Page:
9 At the Chinese grocer Excerpt 4 74DF: mucho trabajo.a lot of work 75Older lady: ah @@@ 76DF: eso es el ticherthis is the teacher 77Clerk: ((TO OLDER LADY IN CHINESE)) 78Older lady: hi @@@ 79AW: hi 80Clerk: ((TO DF)) manana when you come [I give you no espanol] 81Old lady: [@@@@@] 82Clerk: [[solo English]] 83DF: [[@@@]] 84 NO, 85Clerk: Jose, tomorrow when you come in I don’t speak Spanish with you any more 87DF: [@@@@] 88AW: [no no I’m] not teaching him English. 89 I’m teaching him to read and writing in Spanish. 90 I’m not teaching him English. 91Clerk: oh oh 92 read and write Span-[ish.] 93AW: [yeah,] read and write Spanish 94Clerk: that’s good ‘cause he like he not even recognize the numbers

10 At the Chinese grocer Excerpt 5 107AW: we’re going to learn to read the numbers 108 ((TO DF)) dice que vamos a aprender a leer losI said we’re going to learn numbers 109 numeros para que [puedas…]so that you can 110DF: [ hm ] 111Clerk: [that’s the most important part first: 112 one two three four five six seven eight nine ten. 113AW: that’s right 114 yeah 115 where did YOU learn English? 116Clerk: America 117AW: [oh=] 118Clerk:[many] years ago 119 121 I never know it in my life because my mother come 122 when I come in 19 uh 80 123 I still went to ESL program 124 I still learn 125 that’s why he [can too] 126AW: [ yah] 127 yah yah 128Clerk: ((TO DF)) when me aqui 129 twenty years early 130 nada speak English 131DF: nada 132Clerk: nada 133 todo English aqui 134DF: ah

11 At the Chinese grocer Excerpt 6 135Clerk: learn first 136 ABCD 137 todo aqui 138DF: ah entiendes Maya 139 ano mas 140 ah 141 entiendes Maya 142AW: a lot of people speak Maya here, huh? 143Lady: yeah 144AW: you’re learning some Maya? 145Lady: uh:: not much 146 Latinos is 147DF: ahi esta? 148 eh= en la tarde [y=/] 149Clerk: [OK] 150DF: bueno 151 nos vemos 152Lady OK 153 good to see you.

12 At the Vietnamese butcher Excerpt 7 60Butcher A: { "@context": "http://schema.org", "@type": "ImageObject", "contentUrl": "http://images.slideplayer.com/10/2736900/slides/slide_12.jpg", "name": "At the Vietnamese butcher Excerpt 7 60Butcher A:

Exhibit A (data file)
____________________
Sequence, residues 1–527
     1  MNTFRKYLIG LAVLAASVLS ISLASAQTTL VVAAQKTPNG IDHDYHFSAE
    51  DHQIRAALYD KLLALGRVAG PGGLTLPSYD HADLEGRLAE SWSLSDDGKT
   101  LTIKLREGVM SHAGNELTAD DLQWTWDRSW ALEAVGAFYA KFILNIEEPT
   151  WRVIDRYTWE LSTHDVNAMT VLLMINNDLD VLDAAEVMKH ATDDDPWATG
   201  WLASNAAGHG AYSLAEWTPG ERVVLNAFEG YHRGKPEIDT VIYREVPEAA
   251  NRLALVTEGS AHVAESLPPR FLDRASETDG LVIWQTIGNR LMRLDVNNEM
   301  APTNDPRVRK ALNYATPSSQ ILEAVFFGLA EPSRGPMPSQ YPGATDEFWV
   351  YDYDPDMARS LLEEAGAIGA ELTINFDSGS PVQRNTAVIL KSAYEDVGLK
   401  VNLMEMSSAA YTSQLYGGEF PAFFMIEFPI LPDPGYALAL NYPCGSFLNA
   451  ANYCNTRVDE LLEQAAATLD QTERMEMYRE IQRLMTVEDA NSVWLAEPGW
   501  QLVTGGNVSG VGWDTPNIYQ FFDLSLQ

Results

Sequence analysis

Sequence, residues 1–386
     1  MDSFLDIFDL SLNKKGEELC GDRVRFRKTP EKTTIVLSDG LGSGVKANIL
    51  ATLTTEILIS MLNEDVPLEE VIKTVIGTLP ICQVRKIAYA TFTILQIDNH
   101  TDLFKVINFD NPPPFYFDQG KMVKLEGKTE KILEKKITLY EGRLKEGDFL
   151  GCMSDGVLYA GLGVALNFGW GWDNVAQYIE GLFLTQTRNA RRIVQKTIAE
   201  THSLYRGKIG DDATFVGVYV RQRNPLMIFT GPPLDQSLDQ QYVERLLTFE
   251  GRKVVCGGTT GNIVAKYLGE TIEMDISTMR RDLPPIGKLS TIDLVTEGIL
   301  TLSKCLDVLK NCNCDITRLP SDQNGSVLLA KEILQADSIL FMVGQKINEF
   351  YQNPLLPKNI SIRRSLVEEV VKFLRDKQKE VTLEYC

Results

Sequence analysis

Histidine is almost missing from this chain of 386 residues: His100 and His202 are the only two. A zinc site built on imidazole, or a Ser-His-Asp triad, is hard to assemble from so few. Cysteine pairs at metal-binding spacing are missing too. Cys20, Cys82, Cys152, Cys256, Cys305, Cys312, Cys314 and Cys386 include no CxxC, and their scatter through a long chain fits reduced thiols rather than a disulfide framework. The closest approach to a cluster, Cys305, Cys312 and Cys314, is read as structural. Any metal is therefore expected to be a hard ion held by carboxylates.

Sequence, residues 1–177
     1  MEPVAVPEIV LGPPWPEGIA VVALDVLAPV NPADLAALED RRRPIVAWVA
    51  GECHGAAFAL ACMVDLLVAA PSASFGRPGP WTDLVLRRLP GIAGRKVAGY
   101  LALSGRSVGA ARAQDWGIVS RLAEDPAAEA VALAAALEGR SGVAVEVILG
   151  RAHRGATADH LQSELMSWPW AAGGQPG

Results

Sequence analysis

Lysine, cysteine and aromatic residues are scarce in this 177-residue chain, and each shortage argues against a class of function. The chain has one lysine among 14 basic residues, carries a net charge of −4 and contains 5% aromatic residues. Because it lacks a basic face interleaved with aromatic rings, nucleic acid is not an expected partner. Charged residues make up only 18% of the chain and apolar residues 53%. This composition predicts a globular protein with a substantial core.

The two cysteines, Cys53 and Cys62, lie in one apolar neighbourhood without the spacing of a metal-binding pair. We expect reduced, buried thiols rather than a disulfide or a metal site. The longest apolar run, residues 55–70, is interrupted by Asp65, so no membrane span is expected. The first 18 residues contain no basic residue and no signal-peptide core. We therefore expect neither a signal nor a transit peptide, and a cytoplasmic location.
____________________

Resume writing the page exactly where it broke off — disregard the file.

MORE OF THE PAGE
13 At the Vietnamese butcher Excerpt 8 95Bela: What’s your name? 96Butcher A: Felipe 97Bela: Felipe (.) 98 /\ OK Felipe 99Butcher B: Felipe sabe espanol muy bien ((LEANS OVER THE COUNTER TO GIVE BELA A CARD)) 100Butcher A: this one with my name 101Bela: @@ [@@] 102AW: [thank you]

14 Language use as a complex, dynamic system Relativity of Self and Other Time scales Emergentism Unfinalizability Fractals

15 An ecological analysis of the data The ecology of multilingual spaces - In excerpt 1 - In excerpts 2-6 The ecology of embodied time - the different timescales - staging event, styling the self - identities and speaking positions - what’s in a name?

16 Symbolic competence Definition Subjectivity or subject-positioning Historicity or an understanding of the cultural memories evoked by symbolic systems Performativity or the capacity to perform and create alternative realities Re-framing

17 Implications for foreign language educators We are not teachers of a linguistic code but teachers of meaning 1.Meaning is relational/multidimensional 2.Meaning is mediated 3.Meaning is multiscalar and recursive 4.Meaning is emergent

18 5. Meaning is unpredictable and double- voiced 6. Meaning is fractal 7. Meaning is subjective 8. Meaning is historically contingent 9. Meaning is reflexive

19 Conclusion The 21 st century is about meaning, relations, creativity, subjectivity, historicity and the inter- (as in interdisciplinary, intercultural etc.) Curriculum guidelines and national standards are not everything, a monolingual worldview may be overcome, as long as cunning reigns.